"Of course, the latter was never written explicitly", Eidelman emphasized. Instead, the narrative is: "We have always strived for peace... We have always been attacked and simply fought."

This laid the perfect ideological foundations for the invasion of Ukraine, she said, and showed how the motto "Never again!" dedicated to World War II, in recent years it has become "We can do it again" - a popular slogan after the annexation of Crimea in 2014, as the Kremlin has increased its increasingly aggressive rhetoric towards the West.

In the years leading up to the war in Ukraine, Putin mentioned the story more and more often. In 2020, during a reform that removed limits on his presidential terms, a reference to history was added to the country's Constitution - a new clause stating that Russia is "united by thousands of years of history" and "applies protection to true history".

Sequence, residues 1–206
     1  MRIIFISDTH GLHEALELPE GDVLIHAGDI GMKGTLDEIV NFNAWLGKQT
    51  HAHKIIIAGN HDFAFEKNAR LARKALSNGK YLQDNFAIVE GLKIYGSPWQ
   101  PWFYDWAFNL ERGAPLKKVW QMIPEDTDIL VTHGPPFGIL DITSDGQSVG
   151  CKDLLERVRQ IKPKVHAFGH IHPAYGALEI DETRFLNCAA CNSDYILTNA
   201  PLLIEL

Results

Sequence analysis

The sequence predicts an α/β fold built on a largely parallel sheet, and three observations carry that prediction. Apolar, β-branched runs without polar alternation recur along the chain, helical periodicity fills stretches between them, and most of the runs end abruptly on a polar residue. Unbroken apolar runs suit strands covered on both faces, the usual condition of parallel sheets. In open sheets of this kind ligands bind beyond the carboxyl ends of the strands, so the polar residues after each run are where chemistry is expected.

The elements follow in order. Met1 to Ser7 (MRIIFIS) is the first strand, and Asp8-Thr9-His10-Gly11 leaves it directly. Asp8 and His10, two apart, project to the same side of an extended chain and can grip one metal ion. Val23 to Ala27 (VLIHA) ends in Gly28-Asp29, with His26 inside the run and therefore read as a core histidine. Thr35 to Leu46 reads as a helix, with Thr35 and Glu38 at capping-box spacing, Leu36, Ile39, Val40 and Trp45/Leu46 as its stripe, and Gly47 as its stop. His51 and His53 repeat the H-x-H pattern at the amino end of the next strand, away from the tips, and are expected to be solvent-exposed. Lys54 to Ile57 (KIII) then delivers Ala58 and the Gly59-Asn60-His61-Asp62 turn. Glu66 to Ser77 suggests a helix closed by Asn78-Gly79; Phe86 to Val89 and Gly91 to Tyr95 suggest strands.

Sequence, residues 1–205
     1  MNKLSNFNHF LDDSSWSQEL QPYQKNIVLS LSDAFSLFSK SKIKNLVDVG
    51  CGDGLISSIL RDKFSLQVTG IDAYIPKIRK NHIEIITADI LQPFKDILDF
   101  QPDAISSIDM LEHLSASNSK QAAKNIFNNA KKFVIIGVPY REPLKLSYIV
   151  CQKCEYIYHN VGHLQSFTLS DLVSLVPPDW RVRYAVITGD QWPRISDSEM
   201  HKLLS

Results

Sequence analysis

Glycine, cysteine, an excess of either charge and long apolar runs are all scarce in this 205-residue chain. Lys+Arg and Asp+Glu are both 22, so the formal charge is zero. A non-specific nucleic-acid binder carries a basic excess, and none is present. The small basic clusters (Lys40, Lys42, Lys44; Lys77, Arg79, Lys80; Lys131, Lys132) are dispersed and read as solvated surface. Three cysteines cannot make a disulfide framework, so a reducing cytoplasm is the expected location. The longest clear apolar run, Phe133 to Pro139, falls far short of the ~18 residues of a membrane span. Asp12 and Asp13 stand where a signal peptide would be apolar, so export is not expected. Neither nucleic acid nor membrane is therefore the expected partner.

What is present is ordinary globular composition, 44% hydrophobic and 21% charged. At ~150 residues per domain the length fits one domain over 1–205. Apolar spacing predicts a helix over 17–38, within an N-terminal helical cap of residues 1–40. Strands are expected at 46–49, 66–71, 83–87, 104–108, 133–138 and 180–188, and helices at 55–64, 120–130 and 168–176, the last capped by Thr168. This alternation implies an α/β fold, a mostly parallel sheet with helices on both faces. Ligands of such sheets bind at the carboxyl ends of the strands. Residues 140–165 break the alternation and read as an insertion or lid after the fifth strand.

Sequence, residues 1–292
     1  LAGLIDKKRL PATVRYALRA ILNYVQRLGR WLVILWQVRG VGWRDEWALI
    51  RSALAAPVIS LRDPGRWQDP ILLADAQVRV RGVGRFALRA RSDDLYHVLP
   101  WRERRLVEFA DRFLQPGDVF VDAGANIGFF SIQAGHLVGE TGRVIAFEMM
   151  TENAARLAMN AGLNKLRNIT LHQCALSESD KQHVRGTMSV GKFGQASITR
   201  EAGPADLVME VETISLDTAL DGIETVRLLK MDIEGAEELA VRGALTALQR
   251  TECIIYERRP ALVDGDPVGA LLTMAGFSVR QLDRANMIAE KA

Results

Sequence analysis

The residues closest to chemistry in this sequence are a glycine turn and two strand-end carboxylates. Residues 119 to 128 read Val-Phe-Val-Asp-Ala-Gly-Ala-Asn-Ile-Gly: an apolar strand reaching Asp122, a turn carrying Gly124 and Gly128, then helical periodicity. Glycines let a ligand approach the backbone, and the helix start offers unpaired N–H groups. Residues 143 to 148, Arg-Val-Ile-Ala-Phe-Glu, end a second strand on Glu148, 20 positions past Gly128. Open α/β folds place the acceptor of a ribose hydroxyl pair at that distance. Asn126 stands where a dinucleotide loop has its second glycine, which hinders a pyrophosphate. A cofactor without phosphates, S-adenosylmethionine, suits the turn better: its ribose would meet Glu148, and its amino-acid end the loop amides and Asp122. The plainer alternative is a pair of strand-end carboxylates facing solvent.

In 2020-2021, Putin published two long articles on history – one criticizing the West for actions that led to World War II and another arguing that Ukrainians and Russians have always been one people. In a speech to the nation days before sending troops to Ukraine, he once again turned to history, claiming that Ukraine as a state had been artificially created by Soviet leaders.

"History has been used to legitimize the regime, especially since Putin came to power," said Ivan Kurilla, a historian at Wellesley College, in a recent article. And with the war in Ukraine, "it has taken a central place in the ideology of the state alongside geopolitical talks about sovereignty, the 'decline of the West' and the defense of traditional values".

Taken from "Associated Press". Translated by: Blerta Haxhiu